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Flashcards in Week 4 Muscle Diseases- Nelson Deck (7)
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1

Describe the genetic defect for spinal muscular atrophy.

a. Mutations affecting survival motor neuron 1 (SMN 1)
b. A gene on chromosome 5 that is required for motor neuron survival
c. Patients experience loss of motor neurons leading to muscle atrophy and weakness
d. Most common form = Werdnig-Hoffmann disease

2

Compare and contrast the pathogenesis and clinical outcome of Duchenne and Becker muscular dystrophy.

-Duchenne → have little or no dystrophin, symptoms by age 5, duck-like gate, wheel chair dependent by 10-12 years

Becker → decreased amounts of dystrophin or a defective abnormal form dystrophin, later onset with milder symptoms, longer survival

3

Describe the genetic defect for myotonic dystrophy

-Most common adult muscular dystrophy

-Increased CTG trinucleotide repeat sequences on chromosome 19 → effects chloride channel called CLC1

4

Describe the genetic defect and clinical presentation of malignant hyperpyrexia (malignant hyperthermia).

-Mutations in the proteins that control levels of cytosolic calcium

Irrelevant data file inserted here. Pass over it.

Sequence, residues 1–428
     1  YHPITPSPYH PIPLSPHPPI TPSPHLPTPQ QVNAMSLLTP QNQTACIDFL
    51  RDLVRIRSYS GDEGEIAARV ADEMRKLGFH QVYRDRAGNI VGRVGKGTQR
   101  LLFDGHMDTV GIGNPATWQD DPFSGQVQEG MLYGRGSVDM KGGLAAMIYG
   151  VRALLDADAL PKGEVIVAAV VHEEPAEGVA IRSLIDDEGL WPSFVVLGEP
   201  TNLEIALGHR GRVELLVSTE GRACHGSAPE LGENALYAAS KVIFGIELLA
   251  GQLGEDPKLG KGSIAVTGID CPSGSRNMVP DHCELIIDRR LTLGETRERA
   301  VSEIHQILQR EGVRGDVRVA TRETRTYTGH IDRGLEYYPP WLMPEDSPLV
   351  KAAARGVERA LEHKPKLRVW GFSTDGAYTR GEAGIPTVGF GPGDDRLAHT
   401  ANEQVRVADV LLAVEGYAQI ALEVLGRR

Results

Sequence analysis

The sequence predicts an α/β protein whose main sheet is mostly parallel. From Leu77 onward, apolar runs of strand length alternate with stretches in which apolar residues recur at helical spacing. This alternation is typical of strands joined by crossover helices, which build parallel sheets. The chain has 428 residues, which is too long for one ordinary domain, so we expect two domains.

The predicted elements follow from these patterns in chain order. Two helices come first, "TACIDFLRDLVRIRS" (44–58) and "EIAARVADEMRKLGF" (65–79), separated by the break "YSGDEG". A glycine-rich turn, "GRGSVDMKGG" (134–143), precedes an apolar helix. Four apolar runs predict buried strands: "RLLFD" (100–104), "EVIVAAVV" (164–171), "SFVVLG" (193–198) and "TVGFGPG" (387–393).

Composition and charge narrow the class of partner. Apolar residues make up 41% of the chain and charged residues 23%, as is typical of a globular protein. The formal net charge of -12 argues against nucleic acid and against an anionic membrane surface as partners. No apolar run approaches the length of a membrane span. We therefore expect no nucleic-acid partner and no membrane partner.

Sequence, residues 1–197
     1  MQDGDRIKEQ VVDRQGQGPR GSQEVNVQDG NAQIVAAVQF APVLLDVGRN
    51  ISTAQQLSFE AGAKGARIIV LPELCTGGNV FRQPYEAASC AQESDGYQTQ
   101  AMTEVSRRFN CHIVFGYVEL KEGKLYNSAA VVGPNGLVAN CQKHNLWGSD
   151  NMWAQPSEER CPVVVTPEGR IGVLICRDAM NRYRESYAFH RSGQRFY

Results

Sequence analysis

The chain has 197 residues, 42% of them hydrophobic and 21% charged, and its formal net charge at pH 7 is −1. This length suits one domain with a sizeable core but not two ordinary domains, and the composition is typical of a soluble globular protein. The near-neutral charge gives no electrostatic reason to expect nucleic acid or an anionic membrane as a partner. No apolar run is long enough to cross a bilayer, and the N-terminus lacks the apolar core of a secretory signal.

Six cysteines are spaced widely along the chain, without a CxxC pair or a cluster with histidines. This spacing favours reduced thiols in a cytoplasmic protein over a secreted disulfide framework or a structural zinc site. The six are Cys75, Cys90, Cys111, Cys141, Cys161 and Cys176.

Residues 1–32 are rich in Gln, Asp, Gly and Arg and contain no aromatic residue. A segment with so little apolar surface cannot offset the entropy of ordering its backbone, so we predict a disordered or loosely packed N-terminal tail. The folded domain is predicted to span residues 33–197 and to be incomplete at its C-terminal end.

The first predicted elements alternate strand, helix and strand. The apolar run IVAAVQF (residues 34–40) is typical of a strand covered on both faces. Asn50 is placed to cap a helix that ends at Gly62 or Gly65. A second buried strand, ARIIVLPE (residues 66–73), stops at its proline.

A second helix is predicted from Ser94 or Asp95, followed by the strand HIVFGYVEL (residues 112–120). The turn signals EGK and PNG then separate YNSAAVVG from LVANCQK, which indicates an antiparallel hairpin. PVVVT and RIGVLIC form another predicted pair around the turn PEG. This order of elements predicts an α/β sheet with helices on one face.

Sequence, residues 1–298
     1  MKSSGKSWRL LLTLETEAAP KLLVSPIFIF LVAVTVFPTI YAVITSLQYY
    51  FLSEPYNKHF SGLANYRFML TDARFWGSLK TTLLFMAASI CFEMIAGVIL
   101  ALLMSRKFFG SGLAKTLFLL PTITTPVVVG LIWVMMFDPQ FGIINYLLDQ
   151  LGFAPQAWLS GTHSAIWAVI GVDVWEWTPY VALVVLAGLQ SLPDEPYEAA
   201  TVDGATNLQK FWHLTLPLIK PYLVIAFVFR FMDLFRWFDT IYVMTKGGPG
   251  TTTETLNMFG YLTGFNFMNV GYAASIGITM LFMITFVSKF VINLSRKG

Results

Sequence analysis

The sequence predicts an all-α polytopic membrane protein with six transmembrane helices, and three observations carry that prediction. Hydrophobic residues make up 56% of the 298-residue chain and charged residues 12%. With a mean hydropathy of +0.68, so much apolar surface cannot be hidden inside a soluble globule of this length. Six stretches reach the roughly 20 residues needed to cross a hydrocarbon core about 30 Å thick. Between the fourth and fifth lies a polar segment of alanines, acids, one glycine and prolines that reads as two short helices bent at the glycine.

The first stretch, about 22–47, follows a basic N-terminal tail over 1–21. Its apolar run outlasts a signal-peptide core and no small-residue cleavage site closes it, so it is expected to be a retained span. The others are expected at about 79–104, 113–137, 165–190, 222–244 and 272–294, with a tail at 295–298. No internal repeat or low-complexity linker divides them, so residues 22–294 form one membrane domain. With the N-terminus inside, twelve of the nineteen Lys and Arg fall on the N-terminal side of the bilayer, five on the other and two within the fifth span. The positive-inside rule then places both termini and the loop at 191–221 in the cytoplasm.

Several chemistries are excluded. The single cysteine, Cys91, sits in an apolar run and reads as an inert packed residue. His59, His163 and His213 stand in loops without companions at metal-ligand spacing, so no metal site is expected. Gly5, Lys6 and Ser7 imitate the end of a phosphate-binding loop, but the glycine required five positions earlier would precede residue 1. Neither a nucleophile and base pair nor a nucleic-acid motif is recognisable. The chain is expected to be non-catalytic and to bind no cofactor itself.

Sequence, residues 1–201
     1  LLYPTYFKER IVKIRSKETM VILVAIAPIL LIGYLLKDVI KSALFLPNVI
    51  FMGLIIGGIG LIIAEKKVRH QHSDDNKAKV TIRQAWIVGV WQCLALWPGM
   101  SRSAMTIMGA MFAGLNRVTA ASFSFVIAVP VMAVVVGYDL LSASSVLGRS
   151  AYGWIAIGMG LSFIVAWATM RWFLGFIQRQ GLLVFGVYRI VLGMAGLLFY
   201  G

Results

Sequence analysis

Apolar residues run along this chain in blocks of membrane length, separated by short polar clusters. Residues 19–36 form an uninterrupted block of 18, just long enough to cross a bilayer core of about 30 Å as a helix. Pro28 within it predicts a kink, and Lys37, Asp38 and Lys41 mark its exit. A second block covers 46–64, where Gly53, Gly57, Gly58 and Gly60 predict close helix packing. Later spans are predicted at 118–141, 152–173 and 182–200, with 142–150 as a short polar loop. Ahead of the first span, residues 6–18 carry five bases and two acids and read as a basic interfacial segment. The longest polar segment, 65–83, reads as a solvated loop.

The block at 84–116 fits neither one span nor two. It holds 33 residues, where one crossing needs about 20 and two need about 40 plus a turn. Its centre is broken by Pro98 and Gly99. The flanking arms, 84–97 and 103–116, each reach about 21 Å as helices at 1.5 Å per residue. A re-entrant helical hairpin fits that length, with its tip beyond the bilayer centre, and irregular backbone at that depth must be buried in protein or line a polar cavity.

-Marked hypermetabolic state triggered by certain inhalational anestetics

-Tachycardia, tachypnea, muscle spasms, etc.

5

Compare and contrast the pathogenesis, clinical presentation, and pathologic findings of the 3 inflammatory myopathies.

-Dermatomyositis → immunologic injury and damage to small blood vessels and capillaries in the skeletal muscle (Skin + myositis). Discoloration of eyelids and Gottron papules → scaling erythematous eruption or dusky red patches over the knuckles, elbows, and knees. Clinical syndrome associated with malignancy!! Screen for malignancy!

-Polymyositis → similar but lacks skin involvement. Antibodies against histidyl t-RNA synthase caused by activated CD8+ cytotoxic T-cells.

-Inclusion Body Myositis → most common, begins with distal muscle involvement

6

Compare and contrast the pathogenesis and key clinical associations of myasthenia gravis and Lambert-Eaton myasthenia syndrome.

-Myastenia gravis → autoimmune disease causing loss of function of the acetylcholine receptor (AChR), sometimes antibody against muscle specific tyrosine kinase. Associated with thymic abnormalities

-Lamber-eaton myasthenia → autoantibodies against presynaptic calcium channels, which block actelycholine release. Extremity weakness, rapid repetivitive stimulation of affected muscle increases the muscle response. Paraneoplastic syndrome.

7

List the causes of elevated creatine kinase.

a. Myocardial infarct
b. Skeletal muscle disease such as inflammatory myopathies
c. Cerebrovascular accidents, head injury
d. *Total CK is helpful in the assessment of skeletal muscle inury in the absence of cardiac disease or other conditions that may cause increased CK.